News

Law bites whale tooth sellers

An Oak Harbor man is one of two men who pleaded guilty in federal court Thursday to charges in connection with an international ring that smuggled sperm whale teeth into the United States, the Department of Justice reported.

Lewis Eisenberg, a 61-year-old Oak Harbor resident, is the former director of the Whalers Village Museum in Maui, Hawaii. Eisenberg purchased sperm whale teeth from the other defendant, Martin Schneider of Pennsylvania.

Eisenberg pleaded guilty to a three-count information for violating the Endangered Species Act, the Marine Protection Act and the Lacey Act, which forbids the import or export of wildlife that is illegally transported or sold.

Mark Oswell, spokesman for the NOAA Fisheries Service, said Eisenberg re-sold the teeth to a man in Hawaii, who in turn sold them to tourists.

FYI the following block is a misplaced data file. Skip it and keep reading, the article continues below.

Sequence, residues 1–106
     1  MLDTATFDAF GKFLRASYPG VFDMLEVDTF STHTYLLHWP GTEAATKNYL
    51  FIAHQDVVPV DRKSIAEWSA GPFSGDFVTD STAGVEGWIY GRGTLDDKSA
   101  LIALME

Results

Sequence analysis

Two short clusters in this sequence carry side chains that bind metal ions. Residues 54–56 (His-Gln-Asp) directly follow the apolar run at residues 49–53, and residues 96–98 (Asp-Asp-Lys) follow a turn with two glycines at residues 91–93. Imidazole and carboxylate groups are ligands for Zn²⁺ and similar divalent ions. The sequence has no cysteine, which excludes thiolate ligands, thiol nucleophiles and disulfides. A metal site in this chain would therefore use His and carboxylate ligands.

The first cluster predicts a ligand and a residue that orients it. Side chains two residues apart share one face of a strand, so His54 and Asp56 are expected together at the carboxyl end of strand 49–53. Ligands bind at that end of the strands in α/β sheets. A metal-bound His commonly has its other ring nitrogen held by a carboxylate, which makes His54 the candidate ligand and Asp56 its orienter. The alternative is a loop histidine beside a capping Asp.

Under federal sentencing guidelines, Eisenberg faces 10 to 16 months in prison, according to the Justice Department.

Oswell said it’s illegal to buy or sell any part of a marine mammal under the Marine Protection Act. It’s also illegal to buy or sell parts of an endangered species under the Endangered Species Act.

The sperm whale, an endangered species, is the largest toothed whale, measuring up to 60 feet long. Moby Dick in Herman Melville’s novel is a sperm whale.

Sperm whale teeth are shaped like a cone pointed at one end, and are about eight inches long.

Schneider imported hundreds of sperm whale teeth, worth more than $500,000, from England into the United States starting in 1995, according to the Department of Justice. The teeth came from whaling villages in Russia.

Schneider smuggled the teeth by concealing them amongst other goods and sold them, often to merchants who specialize in designs called “scrimshaw,” which are drawings etched on bone or ivory, the Justice Department reported.

Eisenberg could not be reached for comment.

You can reach News-Times reporter Jessie Stensland at jstensland@whidbeynewstimes.com or call 675-6611.

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